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Japanese Onsen Etiquette: Everything You Need to Know!

Anna AyvazyanAnna Ayvazyan
Published Time
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April 27, 2024
A woman at a Japanese onsen dressed in a blue yukata.

One of the most unique experiences to try in Japan is visiting an onsen. Japan’s traditional bathing experience differs significantly from what many of us experience in our home countries. Japanese onsens have specific procedures and rules that everyone is expected to follow. Here, we’ll introduce five tips to help you have a smooth Japanese onsen experience without stress!

Check which places are tattoo-friendly!

Many visitors who come to Japan are sometimes surprised to learn that tattoos have a certain negative stigma attached to them. While this negative stigma is slowly going away, it can still affect how you travel in Japan. In particular, many onsen facilities still strictly ban anyone with tattoos from entering the public baths. Some facilities allow you to enter the bath if you cover up your tattoos with a bandage. 

A bucket of water at a Japanese onsen.
Be sure to check the rules ahead of time! Image via Shutterstock

Some may also have a private onsen bath option, but it usually comes with extra costs. To avoid the stress of potentially being kicked out of the onsen facility, it is recommended that you research which places don’t mind tattoos beforehand. One onsen town known for being tattoo-friendly is Kinosaki Onsen in Hyogo. All seven of the town’s public hot springs are accessible for visitors with tattoos of any shape or size!

Follow the standard procedures for entering the onsen facility!

While thousands of onsen are in Japan, most have standard procedures for entering the facility. First, before entering the changing rooms, you must remove your shoes and change into the slippers provided. If you don’t have towels, you can rent small ones from the receptionist.

A hot spring in Beppu, Oita Prefecture.
An onsen is a hot spring. Image via Shutterstock

Next, find an empty locker where you can put all your belongings, including your clothes. Available lockers usually have a key inside the lock for you to use. When you find an empty locker, remove all clothing, including jewelry, that may come off quickly. After taking off your clothes, take a small towel with you. 

Shower before entering the bath!

In Japan, it is essential to shower before bathing. Rather than standing to shower, sitting on the seat provided and washing yourself is customary. Some shower places have shampoo and conditioner, but you can bring your own or purchase some at reception. 

An onsen shower room.
Always take a shower before entering the onsen! Image via Shutterstock

After cleaning yourself, you must ensure no soap is left on your body or hair. If you have long hair, it is customary to tie it up to avoid getting in the bath. After rinsing yourself and tying your hair, you can bathe. However, the towel should not enter the bath. You can wrap your hair with a towel or put the towel on the side of the bath. Make sure you don’t forget where you put it!

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Be courteous and mindful of other people in the bath!

When in the bath, it is important to be respectful to everyone around you. While onsen baths are typically big and deep, you should not treat them like a swimming pool. When entering the bath, check how hot the water is. If the water is boiling, it may be better to enter the bath slowly.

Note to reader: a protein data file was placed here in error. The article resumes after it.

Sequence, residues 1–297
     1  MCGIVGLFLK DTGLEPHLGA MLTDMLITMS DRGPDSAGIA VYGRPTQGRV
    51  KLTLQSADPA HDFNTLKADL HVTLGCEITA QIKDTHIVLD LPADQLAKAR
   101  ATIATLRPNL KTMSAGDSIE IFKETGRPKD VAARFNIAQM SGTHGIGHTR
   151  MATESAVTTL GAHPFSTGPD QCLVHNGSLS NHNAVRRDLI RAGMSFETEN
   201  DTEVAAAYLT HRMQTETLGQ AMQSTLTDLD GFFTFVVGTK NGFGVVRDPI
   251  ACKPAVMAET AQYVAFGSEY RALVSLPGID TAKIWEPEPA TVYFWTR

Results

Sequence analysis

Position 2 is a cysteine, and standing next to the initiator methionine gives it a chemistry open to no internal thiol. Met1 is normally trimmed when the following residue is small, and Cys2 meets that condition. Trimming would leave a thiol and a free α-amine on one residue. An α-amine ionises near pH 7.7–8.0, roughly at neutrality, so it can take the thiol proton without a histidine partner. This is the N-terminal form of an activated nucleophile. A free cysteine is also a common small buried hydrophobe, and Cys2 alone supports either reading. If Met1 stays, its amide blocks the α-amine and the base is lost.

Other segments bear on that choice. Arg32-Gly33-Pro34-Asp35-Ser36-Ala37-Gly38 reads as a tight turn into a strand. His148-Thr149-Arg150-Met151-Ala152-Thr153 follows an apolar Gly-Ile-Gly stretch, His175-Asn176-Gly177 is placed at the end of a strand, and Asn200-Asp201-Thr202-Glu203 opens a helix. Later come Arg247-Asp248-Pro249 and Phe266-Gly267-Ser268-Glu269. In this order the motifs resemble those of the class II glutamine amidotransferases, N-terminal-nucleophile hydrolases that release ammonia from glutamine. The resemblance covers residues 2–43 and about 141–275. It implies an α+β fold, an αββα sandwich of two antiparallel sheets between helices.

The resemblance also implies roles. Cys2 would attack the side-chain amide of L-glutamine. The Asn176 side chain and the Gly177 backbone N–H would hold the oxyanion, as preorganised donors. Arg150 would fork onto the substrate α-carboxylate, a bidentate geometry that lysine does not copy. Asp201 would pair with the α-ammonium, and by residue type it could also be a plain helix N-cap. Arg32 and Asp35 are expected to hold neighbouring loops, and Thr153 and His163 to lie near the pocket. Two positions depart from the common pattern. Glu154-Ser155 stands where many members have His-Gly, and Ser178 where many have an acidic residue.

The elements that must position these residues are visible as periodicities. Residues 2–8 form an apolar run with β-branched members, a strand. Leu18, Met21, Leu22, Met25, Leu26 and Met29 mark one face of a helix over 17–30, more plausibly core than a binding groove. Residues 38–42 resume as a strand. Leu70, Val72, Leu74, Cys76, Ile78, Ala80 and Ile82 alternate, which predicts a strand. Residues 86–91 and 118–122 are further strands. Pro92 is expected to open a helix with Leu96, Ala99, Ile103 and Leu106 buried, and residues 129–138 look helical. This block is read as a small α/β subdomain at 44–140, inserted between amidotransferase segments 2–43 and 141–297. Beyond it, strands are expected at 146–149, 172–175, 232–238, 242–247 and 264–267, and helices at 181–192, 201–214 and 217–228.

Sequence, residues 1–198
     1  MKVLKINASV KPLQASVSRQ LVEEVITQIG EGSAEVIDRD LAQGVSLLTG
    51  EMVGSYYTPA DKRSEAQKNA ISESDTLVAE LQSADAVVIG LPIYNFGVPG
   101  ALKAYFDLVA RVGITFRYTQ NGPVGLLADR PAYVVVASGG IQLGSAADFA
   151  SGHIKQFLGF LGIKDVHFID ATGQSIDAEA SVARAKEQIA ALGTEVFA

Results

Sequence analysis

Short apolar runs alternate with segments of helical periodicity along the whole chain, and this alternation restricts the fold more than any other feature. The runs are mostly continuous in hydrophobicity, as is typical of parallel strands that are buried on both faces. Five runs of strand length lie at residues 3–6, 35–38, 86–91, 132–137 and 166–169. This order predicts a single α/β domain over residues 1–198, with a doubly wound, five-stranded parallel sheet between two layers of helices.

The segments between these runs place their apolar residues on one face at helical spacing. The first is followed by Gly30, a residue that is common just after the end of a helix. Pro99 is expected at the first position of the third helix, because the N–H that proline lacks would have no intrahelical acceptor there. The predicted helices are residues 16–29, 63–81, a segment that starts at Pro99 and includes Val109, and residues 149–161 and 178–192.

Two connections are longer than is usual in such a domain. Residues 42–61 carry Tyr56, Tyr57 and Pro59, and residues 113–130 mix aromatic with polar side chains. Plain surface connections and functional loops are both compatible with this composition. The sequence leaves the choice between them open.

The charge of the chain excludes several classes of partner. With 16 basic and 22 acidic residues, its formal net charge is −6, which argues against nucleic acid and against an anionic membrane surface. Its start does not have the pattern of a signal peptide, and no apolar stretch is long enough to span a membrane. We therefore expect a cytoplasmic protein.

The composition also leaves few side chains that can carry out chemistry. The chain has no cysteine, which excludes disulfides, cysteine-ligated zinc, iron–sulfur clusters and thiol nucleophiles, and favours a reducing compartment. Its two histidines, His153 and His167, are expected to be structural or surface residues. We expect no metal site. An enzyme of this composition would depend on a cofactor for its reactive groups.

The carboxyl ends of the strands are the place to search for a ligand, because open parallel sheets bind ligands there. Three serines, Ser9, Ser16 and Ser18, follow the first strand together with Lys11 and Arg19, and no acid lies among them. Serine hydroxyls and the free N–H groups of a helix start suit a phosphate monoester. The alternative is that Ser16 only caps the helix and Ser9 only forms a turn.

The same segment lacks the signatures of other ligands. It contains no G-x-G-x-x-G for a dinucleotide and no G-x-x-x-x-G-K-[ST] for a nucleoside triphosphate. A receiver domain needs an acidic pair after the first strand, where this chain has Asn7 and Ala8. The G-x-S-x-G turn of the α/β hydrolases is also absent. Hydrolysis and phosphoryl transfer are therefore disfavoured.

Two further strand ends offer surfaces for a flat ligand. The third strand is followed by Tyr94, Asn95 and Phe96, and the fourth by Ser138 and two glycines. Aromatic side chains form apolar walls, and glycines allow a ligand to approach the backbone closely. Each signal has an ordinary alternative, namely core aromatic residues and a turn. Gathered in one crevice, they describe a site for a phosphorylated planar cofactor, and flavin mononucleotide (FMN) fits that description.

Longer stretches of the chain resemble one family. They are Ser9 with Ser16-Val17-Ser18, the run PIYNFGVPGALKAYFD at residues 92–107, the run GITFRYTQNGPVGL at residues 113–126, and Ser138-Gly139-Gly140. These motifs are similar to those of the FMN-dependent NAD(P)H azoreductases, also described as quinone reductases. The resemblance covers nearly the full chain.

A woman resting in a Japanese onsen.
Always mind your manners in the bath! Image via Shutterstock

You should also refrain from talking loudly, swimming, and submerging your head. Additionally, you should exit the bath every 20 minutes to prevent dehydration or heat shock. Taking a short dip in each can be a great and fun experience if the onsen facility has multiple baths. Additionally, many onsen facilities have saunas that can help you dry off before changing your clothes. 

Enjoy a cool drink after the bath!

After bathing, you can go straight to the dressing room and put your clothes back on. If you rent a towel, there will typically be a box where you can drop it off. Most dressing rooms are also equipped with a free hairdryer.
When you are clothed and finished drying your hair, you can leave and wear your regular shoes. 

A glass of Hokkaido milk in an onsen.
A fresh, cold bottle of milk is perfect after a hot bath! Image via Shutterstock

Usually, around the entrance of the onsen faculty are several vending machines, some of which have cold milk. Drinking cold milk after bathing in a Japanese onsen is customary. It is okay if you don’t like milk or are lactose intolerant! Vending machines will have other options to choose from. Having a cold drink will help refresh your body after a hot bath.

Why should I visit a Japanese onsen?

Visiting a Japanese onsen is a great way to see another aspect of Japanese culture! Although the bathing procedures are unique, they can still be a fun experience. However, to get the most out of the bathing experience and to ensure you don’t offend anyone, it is essential to follow the proper etiquette. If you have tattoos, it is vital to check in advance to see if the onsen facility is tattoo-friendly. 

A faucet pouring water in an onsen.
Have you ever been to a Japanese onsen before? Image via Shutterstock

There are several things to remember from entering the facility to entering the bath. But if you remember the tips mentioned here, you should be fine! Afterward, you can try the post-bath tradition of drinking milk to wrap up the whole experience. Does your country have public bathhouses? What is the etiquette? Let us know in the comments below! 

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